Only the people of Israel can decide who will represent their best interests, Prime Minister Binyamin Netanyahu said on Wednesday in remarks directed at President Barack Obama a week prior to the general election.
"I think everyone knows that the citizens of Israel are the only ones who can decide who will faithfully represent the vital interests of the state," he said.
His remarks came in response to an article by prominent Bloomberg columnist Jeffrey Goldberg in which he quoted Obama as repeatedly saying that, "Israel doesn't know what its own best interests are."
Obama, he wrote, appeared to see Netanyahu as a "political coward" who is completely "captive to the settler lobby," and whose ongoing “settlement” activity was moving Israel
"down a path toward near total isolation."
Goldberg, who is himself a vocal critic of Prime Minister Netanyahu, maintained that Obama “told several people that sort of behavior on Netanyahu’s part is what he has come to expect, and he suggested that he has become inured to what he sees as self-defeating policies of his Israeli counterpart.
Although the U.S. would not cut off its aid to Israel, Obama was not likely to "waste his time on Mideast peace" and the Jewish state could soon notice a "significant shift" on the diplomatic front, he wrote.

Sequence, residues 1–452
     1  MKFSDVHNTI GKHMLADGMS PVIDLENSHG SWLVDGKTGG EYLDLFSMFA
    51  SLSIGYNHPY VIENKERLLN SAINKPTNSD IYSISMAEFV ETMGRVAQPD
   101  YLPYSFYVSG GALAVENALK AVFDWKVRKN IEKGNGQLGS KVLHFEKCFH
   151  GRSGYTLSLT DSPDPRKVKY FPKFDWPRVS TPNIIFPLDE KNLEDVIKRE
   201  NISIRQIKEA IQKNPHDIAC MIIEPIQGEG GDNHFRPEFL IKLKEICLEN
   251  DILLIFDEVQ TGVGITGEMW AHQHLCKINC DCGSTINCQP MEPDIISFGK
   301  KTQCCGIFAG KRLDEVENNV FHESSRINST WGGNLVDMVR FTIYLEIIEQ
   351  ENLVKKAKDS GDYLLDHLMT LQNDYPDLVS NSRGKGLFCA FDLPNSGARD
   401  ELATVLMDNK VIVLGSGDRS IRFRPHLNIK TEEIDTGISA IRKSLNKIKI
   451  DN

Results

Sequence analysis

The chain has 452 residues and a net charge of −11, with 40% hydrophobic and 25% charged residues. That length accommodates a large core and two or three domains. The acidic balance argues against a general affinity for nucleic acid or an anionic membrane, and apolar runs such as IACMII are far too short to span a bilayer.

Senior Likud MKs reacted furiously, accusing the U.S. president of "gross interference" in the upcoming election.
“This is gossip a journalist wrote, and the facts suggest that the opposite is true,” said Environmental Protection Minister Gilad Erdan, who heads Likud’s response team. “Israelis expect their prime minister not to give in to pressure, even if it would give them applause in the United States.”
Netanyahu told reporters on a tour of an army base near Gaza that, "Over the last four years, we have faced tremendous pressure and we will continue to stand up for the vital interests of Israel and its security."
"We will do everything necessary to defend the security of the citizens of Israel in this area as well as in other areas," the prime minister said, in remarks broadcast by public radio.
Until now, there had been no official response to the article, which on Wednesday dominated national headlines.